Why Havas would be a great deal for Omnicom

Poor David Jones (pictured), the charismatic and youthful CEO of Havas isn’t usually left as the wallflower on the sidelines of the ad business but that’s exactly where he is at the moment.

A Dentsu takeover of media buyer Aegis, long seen as a partner for Havas (Havas chairman Vincent Bollore was the biggest shareholder in both companies until last week) would leave Havas by far the smallest of the marcoms elite with a turnover of about £1.4bn compared to Dentsu/Aegis with £3.8bn and giants WPP on £10.2bn and Omnicom on £8.8bn. The others are Publicis Groupe on £4.9bn and Interpublic (once the biggest) on £4.4bn.

But, hang on a minute, don’t £8.8bn and £1.4bn add up to £10.2bn? Exactly WPP’s billing. If you were John Wren of Omnicom (left) might you not be inclined to pick up the phone to Bollore and ask him if he wants some more money to add to the £743m he stands to make from the sale of Aegis?

His 37 per cent stake in Havas is worth a further £400m or so without a bid premium and Bollore is currently busily buying shares in sprawling French media conglomerate Vivendi, which owns 80 per cent of Canal Plus.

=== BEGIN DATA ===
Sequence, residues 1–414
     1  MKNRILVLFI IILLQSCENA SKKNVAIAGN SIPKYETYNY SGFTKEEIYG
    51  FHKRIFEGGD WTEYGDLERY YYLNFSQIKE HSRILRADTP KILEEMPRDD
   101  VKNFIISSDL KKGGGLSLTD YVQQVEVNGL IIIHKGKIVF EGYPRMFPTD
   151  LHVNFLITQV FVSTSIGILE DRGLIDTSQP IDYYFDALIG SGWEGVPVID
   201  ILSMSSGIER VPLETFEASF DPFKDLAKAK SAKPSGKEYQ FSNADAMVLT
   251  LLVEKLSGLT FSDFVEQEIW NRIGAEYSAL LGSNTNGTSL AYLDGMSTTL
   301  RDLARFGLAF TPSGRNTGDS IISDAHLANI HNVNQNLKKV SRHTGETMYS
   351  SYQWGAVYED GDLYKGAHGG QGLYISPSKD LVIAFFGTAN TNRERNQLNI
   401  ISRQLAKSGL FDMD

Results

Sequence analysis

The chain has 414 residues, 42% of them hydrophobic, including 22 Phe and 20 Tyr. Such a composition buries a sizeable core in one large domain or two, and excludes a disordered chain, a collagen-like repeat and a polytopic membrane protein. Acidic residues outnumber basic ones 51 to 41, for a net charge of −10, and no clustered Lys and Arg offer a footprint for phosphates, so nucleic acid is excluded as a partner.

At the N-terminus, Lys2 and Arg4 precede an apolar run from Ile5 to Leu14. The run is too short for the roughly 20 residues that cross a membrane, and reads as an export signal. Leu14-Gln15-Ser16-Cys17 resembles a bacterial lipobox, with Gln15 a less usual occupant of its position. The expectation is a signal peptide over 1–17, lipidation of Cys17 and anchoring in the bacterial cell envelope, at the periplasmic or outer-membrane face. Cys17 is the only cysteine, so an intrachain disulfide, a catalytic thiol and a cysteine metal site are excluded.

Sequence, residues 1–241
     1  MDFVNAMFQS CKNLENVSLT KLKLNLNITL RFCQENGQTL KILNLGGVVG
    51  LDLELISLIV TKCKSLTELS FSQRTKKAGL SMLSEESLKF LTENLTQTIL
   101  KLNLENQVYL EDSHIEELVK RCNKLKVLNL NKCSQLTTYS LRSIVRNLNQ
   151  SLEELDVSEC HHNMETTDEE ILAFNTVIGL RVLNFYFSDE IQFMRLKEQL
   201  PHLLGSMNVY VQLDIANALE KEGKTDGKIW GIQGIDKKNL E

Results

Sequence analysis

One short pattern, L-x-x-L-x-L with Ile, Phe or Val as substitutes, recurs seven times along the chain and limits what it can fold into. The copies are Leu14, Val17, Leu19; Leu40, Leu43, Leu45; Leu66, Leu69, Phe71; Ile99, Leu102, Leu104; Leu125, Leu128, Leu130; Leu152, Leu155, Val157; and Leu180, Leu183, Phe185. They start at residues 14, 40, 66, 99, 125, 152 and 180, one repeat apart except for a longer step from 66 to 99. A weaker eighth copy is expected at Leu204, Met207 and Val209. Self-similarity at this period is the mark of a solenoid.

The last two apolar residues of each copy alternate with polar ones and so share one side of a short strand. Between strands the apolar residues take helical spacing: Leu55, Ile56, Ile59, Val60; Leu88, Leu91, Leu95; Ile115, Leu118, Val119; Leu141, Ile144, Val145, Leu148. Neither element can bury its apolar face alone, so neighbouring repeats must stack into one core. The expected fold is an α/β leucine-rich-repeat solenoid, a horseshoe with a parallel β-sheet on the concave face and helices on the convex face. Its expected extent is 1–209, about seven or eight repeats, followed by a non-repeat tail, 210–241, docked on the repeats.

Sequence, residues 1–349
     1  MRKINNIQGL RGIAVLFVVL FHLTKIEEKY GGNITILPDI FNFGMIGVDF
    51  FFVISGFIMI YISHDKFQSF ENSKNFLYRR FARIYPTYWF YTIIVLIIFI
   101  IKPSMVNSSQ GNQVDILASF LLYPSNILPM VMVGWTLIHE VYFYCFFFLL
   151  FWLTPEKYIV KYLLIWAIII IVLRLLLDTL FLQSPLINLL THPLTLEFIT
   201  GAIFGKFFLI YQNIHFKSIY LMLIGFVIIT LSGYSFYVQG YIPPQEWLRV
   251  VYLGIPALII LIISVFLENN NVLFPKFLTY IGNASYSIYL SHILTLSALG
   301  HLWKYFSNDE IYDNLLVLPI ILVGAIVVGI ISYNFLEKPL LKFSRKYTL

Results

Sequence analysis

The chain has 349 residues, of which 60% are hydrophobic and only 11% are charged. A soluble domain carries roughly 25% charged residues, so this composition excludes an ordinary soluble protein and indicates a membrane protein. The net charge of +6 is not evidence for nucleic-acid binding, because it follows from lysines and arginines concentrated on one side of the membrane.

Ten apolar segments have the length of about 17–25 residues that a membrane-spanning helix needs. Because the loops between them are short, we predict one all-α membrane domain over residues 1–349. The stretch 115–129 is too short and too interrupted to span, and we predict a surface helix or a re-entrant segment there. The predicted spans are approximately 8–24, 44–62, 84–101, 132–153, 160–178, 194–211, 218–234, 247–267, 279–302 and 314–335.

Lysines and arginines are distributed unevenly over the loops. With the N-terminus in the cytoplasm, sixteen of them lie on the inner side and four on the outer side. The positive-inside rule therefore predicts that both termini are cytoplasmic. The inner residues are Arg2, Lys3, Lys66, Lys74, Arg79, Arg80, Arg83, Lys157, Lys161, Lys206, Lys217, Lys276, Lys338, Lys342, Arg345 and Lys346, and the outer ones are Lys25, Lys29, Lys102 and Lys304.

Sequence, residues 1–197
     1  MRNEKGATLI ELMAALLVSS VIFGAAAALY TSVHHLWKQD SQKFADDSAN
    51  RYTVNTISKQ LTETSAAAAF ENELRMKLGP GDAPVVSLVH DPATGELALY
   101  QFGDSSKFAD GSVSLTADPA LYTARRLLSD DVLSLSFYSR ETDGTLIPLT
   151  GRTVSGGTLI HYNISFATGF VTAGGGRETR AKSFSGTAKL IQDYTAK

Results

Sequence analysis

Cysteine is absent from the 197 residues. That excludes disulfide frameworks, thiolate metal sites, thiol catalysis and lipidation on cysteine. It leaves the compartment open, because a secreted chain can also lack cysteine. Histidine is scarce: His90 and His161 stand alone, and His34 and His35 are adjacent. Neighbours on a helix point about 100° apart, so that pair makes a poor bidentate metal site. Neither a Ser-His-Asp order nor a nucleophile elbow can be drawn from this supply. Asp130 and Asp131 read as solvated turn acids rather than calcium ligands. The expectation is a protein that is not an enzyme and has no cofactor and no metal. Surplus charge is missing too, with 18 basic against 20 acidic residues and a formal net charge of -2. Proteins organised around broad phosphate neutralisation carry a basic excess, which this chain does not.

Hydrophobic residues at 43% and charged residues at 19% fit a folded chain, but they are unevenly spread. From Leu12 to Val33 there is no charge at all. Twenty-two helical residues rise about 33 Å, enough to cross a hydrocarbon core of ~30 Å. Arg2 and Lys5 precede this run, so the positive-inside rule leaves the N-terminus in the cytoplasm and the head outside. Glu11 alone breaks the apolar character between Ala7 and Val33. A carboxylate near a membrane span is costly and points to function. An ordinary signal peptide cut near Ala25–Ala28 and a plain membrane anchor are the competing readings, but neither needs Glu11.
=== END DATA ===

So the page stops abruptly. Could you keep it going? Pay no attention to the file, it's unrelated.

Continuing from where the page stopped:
Havas types are busy telling all and sundry that Bollore is more committed to Havas than ever, finding room for son Yannick on the board as a vice-chairman. But it’s hard to see quite where Havas goes from here unless Bollore gets his cheque book out and that’s unlikely given his focus on Vivendi and other interests like his Paris electric hire cars.

Omnicom is currently weighing whether or not to make a $600m (€489m) bid for digital agency LBi. Havas is valued at just three times that, €1.5bn, although it would cost rather more in a bid process.

At even four times Havas looks a rather better investment, especially as CEO Jones has been buying all the digital assets he can afford, which almost certainly makes Havas bigger in digital than LBi.

And Wren, who’s into his sixties like all his peers apart from Jones (if such he be), would have a ready-made CEO in waiting. Or a credible candidate anyway.

And, best of all, annoy his great enemy WPP’s Sir Martin Sorrell no end.

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About Stephen Foster

Stephen is a former editor of Marketing Week and London Evening Standard advertising columnist. He wrote City Republic for Brand Republic and is a partner in communications consultancy The Editorial Partnership.